Identified in late 2019 as a cluster of pneumonia cases, the coronavirus disease 2019 (COVID-19) pandemic has no true precedent in modern times and is a rapidly evolving crisis worldwide, affecting more than 3 million people and forcing the medical community to reexamine every aspect of healthcare delivery (1). Given the systemic immunosuppressive state caused by malignancy and anticancer treatments, cancer patients face the double ordeals of disease and epidemic situation, appearing more likely vulnerable than general population. Up to date, data on clinical characteristics and outcomes of oncologic patients with COVID-19 infection are not detailed and still poor, representing a minority in all series reported. As suggested from early retrospective Chinese reports, cancer patients who are infected with COVID-19 are also associated to poor outcomes and higher occurrence of severe complications, and consequently higher mortality (2-5). About cancer care strategies, contrasting and limited data are available, but some series have shown higher risk of clinically severe events (HR: 4.079) for those patients who underwent treatment administration within 2 weeks (3), with chemotherapy as the worse ongoing treatment, followed by immunotherapy and at last by targeted therapy (5). Similarly, higher mortality and higher chances of having critical symptoms have reported after cancer surgery (6). A recent meta-analysis from 11 series revealed an overall pooled prevalence of COVID-19 cases in cancer patients of 2–3%, more high than previously published results (7). Despite several limits—small series and selected population, above all—this value confirms cancer patients and cancer survivors as an important vulnerable population for the COVID-19 contamination. We present the following article in accordance with the Narrative Review reporting checklist (available at http://dx.doi.org/10.21037/tlcr-20-640).
The vulnerability of lung cancer patients
Among all infected cancer patients, lung cancer patients result as the most representative subgroup, defining a special population during this outbreak, not only for their concomitant predisponing factors (older age, smoking habit, cardiopulmonary concomitant comorbidities, intensive therapies administered to treat their illness), but also because the clinical presentation of COVID-19 overlaps most of lung cancer symptoms, such as fever, cough, and dyspnea, making diagnosis of the virus infection very challenging. Furthermore, radiographic finding of COVID-19 can mirror like radiation pneumonitis and immunotherapy or targeted therapies induced pneumonitis. Interestingly, since the acute respiratory distress syndrome (ARDS) COVID-19 related seems to occur from an excess of cytokine production, this aberrant and non-effective host immune responses may resemble the ICI pneumonitis not only for clinical and radiological, but for pathophysiological features also (8). Anyway, the COVID-19 outbreak has imposed a rapid reorganization of cancer patients’ management, with concomitant objectives of protect them from being infected by COVID-19 and from losing the chance to receive optimal, if not standard, cancer care. Generally, active prevention of infection (universal masking, social distancing, or isolation), timely conversion of treatment strategies, online and offline joint control, positive psychological counseling, early and rapid evaluation for symptoms suspicious for COVID-19, including testing for virus and chest computed tomography (CT) scan are some of important policies and actions from current management measures of COVID-19. On other hand, the limitation on system-based resource (including radiologic and surgery resources, with delay of those services), the patient safety issues, the staff exposure and the travel restrictions have inevitably occurred, with worse impact on public health system and on providers of essential community services.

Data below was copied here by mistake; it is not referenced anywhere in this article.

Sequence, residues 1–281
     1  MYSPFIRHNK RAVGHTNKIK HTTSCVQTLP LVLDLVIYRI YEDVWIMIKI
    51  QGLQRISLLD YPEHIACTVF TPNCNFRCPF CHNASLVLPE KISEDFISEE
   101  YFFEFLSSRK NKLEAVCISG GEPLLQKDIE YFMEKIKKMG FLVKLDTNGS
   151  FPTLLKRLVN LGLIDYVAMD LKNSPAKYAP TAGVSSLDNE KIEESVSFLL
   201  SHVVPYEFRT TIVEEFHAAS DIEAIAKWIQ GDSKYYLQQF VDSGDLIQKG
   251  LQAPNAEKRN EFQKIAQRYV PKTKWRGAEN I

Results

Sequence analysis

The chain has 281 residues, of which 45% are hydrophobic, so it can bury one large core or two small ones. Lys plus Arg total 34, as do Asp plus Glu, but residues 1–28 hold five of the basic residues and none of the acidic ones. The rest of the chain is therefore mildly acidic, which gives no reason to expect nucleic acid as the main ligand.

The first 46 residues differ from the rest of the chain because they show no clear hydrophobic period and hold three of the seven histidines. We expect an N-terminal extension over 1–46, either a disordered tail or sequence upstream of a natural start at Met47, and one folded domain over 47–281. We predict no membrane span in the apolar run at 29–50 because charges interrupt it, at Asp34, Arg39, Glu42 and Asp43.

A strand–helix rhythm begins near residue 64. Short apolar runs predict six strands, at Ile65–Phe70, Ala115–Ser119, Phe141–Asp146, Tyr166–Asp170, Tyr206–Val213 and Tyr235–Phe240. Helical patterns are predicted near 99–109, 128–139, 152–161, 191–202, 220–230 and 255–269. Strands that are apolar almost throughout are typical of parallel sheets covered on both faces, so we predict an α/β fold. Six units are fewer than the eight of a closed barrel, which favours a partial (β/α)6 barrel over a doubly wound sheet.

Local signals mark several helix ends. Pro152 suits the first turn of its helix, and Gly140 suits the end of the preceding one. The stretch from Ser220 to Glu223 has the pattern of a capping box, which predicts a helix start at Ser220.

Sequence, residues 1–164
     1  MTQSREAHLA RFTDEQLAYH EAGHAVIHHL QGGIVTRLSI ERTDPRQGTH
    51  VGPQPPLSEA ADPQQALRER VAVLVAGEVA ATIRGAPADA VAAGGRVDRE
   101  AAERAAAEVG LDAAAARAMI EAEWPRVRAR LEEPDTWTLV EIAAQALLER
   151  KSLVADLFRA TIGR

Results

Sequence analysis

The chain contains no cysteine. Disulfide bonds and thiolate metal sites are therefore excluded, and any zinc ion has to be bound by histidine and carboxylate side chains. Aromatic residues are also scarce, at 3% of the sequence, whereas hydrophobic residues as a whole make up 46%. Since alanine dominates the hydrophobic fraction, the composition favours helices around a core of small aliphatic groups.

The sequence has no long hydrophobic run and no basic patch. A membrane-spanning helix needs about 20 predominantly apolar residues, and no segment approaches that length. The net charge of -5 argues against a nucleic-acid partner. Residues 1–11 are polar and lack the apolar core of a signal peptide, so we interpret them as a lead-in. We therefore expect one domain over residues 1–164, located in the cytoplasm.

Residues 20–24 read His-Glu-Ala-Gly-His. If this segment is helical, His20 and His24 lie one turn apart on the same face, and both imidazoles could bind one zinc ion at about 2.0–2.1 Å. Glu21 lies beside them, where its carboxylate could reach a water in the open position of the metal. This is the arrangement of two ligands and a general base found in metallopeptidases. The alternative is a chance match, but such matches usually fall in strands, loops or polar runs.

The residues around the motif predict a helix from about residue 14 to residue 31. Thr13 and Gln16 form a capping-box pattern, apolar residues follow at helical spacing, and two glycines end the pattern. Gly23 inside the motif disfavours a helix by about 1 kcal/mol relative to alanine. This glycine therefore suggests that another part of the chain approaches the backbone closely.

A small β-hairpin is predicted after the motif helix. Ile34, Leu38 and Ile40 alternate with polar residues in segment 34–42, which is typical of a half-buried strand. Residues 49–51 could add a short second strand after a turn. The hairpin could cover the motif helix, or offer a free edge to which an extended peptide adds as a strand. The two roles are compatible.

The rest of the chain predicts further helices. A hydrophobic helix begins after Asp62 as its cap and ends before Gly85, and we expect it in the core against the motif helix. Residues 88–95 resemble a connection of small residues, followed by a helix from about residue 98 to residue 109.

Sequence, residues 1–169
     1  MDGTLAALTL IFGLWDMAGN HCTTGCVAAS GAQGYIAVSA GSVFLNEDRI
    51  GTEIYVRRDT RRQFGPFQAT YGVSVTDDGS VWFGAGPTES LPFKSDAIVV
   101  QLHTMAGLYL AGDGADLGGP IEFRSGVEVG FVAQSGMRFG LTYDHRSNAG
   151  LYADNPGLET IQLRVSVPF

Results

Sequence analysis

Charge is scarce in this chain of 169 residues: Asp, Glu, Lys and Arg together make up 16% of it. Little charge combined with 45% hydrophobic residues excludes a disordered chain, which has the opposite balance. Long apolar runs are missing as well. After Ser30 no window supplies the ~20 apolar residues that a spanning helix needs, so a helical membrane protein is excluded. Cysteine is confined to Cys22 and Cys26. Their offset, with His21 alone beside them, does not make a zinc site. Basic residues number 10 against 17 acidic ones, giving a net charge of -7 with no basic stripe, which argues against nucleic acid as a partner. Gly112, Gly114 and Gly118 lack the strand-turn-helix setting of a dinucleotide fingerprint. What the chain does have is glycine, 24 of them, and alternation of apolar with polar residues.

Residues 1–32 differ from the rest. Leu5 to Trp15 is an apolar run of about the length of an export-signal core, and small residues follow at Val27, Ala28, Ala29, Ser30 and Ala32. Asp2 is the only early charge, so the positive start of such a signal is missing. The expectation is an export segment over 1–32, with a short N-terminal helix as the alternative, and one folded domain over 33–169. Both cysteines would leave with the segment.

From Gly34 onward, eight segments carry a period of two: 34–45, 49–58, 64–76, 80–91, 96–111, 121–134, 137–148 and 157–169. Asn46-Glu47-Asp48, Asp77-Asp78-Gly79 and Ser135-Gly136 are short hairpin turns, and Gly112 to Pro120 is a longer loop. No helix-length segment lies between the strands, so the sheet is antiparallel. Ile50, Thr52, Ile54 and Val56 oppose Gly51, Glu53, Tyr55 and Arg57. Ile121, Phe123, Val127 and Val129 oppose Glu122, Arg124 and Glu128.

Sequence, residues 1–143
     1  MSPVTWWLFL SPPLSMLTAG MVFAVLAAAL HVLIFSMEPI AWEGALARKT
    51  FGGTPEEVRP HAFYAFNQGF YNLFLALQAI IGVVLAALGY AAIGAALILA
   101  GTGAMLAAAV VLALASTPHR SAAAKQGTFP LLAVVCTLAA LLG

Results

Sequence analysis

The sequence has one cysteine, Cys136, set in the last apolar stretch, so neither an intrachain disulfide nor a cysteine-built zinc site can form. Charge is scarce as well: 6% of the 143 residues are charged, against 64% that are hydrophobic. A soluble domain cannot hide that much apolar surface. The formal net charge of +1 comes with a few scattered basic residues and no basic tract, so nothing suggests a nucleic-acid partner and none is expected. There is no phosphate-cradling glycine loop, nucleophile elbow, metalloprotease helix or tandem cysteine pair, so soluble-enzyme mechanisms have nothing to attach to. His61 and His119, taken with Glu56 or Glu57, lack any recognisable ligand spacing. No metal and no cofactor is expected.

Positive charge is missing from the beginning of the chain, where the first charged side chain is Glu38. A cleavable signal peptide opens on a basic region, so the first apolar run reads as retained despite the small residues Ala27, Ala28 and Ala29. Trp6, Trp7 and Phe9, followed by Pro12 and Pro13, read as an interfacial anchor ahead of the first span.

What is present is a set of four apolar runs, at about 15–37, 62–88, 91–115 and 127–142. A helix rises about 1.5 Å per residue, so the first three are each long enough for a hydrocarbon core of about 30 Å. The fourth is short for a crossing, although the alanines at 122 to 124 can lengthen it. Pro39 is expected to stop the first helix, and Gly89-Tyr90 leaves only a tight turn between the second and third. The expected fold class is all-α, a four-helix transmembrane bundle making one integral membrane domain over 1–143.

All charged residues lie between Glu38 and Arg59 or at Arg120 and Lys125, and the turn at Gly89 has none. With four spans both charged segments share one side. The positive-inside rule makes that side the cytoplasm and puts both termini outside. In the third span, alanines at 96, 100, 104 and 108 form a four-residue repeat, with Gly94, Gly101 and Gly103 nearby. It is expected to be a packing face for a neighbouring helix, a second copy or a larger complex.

Managing lung patients in this pandemic, many procedures were adopted at different points, including hospital admission (e.g., pre-triage by phone contact exploring any symptoms of disease or previous contact with people potentially infected and medical triage at visit), patient management (promote patient education, exploit remote visits to reduce COVID-19 contagion, outpatient visits allowed in selected cases, such as therapy administration), whose have certainly an impact on treatment decision and attend more attention to patients selection. Immediate efforts to modify therapeutic strategies for lung cancer patients are critical to mitigating patient risk and a guideline for the optimal management of lung patients urgently needs to be provided, individualizing treatment recommendations based on the epidemic situation of the patient's location and in combination with the patient's own condition. Clearly, it is not easy to find a cohesive collection of relevant journal articles and rapidly changing guidelines about COVID-19 in relation to lung cancer patients, with several questions remain still unanswered. The shortness of follow-up, the high selection of patient population, the small series of thoracic patients, the retrospectively collection of data, limited the global interpretation on how this infection affects patients on active treatment and how they ought to be treated as well as on how long to safely delay scans, treatments, surgery without long-term mortality impact. On other hand, extrapolation of first reported Chinese data to other countries may be problematic for two main reasons: the different prevalence of cancers subtype, and different clinical practice in China compared with Europe or North America, where most standard treatments occur in outpatient settings.